So… things in Iraq are not going well for anyone living there except ISIS. The Sunnis in the country, while fully recognizing that ISIS is so radical that they got kicked out of al-Qaeda, have nevertheless decided that they prefer the militants to the Maliki government. Which leaves open the possibility that the most radical group in the Middle East will now control territory and cities and wealth in the heart of the Middle East.
My WaPo colleague Marc Lynch has already provided a useful explainer for current events:
U.S. officials, along with most Iraq analysts, have spent the last half-decade urging Maliki to seek a real political accord, but he had little interest in their advice. I’ve long argued that the only thing that would force Maliki to change his ways would be his perception that his survival depended on it. When U.S. troops were fighting his war and securing his rule, he consistently refused to make the political accommodations that his U.S. advisers pushed upon him. After U.S. troops left, he enjoyed sufficient political strength and military security to strike the kind of political deal that could have consolidated a legitimate Iraqi order. Instead, he moved to consolidate his personal power and punish Sunni political opponents….
Maliki wants U.S. military aid, from helicopters to airstrikes, to fight the ISIS advance. Many in Washington will want to offer assistance to save Iraq from complete collapse. But at the same time, U.S. policymakers understand from painful experience that such military aid will simply enable Maliki’s autocratic sectarianism and allow him to avoid making any serious concessions.
I was surprised, however, that Lynch did not mention Iran at all. The standard DC narrative for the past few years has been that U.S. influence in Iraq has been displaced by Iranian influence. Now, the Iranian regime is a lot of (unsavory) things, but “fans of ISIS” ain’t one of them. As much as there’s pressure in Washington to do something about the deteriorating situation in Iraq, surely there are similar debates in Tehran?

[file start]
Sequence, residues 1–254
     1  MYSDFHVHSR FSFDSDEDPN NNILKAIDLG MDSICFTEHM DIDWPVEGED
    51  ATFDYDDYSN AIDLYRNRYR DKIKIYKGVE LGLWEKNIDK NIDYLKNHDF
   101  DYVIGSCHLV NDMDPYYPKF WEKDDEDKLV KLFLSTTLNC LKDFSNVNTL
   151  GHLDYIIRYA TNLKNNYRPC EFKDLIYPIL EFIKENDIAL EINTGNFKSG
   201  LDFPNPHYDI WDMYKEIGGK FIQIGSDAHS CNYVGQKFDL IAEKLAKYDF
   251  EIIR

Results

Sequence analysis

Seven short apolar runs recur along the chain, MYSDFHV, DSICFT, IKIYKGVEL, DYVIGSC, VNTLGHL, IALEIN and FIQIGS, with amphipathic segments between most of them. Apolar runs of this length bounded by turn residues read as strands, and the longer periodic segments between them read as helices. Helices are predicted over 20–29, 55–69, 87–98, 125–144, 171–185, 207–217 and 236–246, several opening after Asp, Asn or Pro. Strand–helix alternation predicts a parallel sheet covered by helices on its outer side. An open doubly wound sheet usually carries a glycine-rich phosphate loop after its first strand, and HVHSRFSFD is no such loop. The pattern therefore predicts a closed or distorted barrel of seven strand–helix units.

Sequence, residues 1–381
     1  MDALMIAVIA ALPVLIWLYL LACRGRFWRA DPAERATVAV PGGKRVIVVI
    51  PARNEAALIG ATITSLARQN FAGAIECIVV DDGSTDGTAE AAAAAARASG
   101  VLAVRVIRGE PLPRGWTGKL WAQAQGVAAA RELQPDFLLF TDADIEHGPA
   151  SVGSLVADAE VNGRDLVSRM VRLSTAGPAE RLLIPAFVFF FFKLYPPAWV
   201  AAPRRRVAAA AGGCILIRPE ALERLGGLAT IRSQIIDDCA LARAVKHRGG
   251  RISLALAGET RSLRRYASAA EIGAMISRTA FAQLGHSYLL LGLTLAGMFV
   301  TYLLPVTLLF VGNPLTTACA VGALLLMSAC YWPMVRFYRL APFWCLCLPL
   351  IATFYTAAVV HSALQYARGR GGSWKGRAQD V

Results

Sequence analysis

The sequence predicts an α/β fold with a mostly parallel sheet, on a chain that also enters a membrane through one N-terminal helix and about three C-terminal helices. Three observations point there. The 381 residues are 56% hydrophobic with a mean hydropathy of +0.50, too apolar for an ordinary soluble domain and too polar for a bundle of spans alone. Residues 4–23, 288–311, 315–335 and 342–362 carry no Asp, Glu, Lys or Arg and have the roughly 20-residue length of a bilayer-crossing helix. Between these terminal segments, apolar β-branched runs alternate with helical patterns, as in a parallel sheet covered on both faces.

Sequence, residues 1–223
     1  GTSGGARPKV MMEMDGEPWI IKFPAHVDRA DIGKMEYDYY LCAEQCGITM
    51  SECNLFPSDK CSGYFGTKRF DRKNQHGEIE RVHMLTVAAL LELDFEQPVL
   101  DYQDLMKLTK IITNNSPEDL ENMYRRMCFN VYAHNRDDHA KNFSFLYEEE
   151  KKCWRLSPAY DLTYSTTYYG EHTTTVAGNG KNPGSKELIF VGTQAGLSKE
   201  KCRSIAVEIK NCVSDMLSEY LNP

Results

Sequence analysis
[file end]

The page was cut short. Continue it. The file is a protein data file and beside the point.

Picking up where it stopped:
Sure, enough, Reuters now reports that Iran would now be open to cooperation with the United States in Iraq:
Shi’ite Muslim Iran is so alarmed by Sunni insurgent gains in Iraq that it may be willing to cooperate with Washington in helping Baghdad fight back, a senior Iranian official told Reuters.
The idea is being discussed internally among the Islamic Republic’s leadership, the senior Iranian official told Reuters, speaking on condition of anonymity. The official had no word on whether the idea had been raised with any other party.
Officials say Iran will send its neighbor advisers and weaponry, although probably not troops, to help its ally Prime Minister Nuri al-Maliki check what Tehran sees as a profound threat to regional stability, officials and analysts say….
Asked on Thursday about Iranian comments, U.S. State Department spokeswoman Jen Psaki said: “Clearly, we’ve encouraged them in many cases to play a constructive role. But I don’t have any other readouts or views from our end to portray here today.”
This proffer has already triggered the predictable reactions:
Iran trades on ISIS victory to gain clout in Washington | http://t.co/ZWaFrGY7qV
— Mike Doran (@Doranimated) June 13, 2014
— Julie (@MsIntervention) June 13, 2014
It is a grotesque situation… but it’s the situation that’s happening right now, and I’m not entirely sure what the alternative solution is supposed to be. The one thing that I’m pretty sure the United States is not going to do is occupy Iraq again. Which means you have to pick your poison. Washington can tolerate an ISIS statelet in the heart of the Middle East and hope that, eventually, the terrorists alienate Iraqi Sunnis as in the past. Or, U.S. policymakers can decide that the enemy of its enemy is its friend in Iraq.
These are lousy options, but it’s certainly worth thinking them through. When you eliminate all the inconceivable options in Iraq, you are left with the unpalatable ones. What’s the bigger threat — an ISIS that can hold a significant swath of territory, or an Iran that would like to carve out a sphere of influence stretching across the Levant?
Based on Obama’s speech at West Point, I suspect he’ll label ISIS as the bigger threat. I also suspect U.S. allies in the region — and their supporters in D.C. foreign policy circles — would view Iran as the bigger threat. Which means that, going forward, there’s going to be a doozy of a debate in Washington about what to do.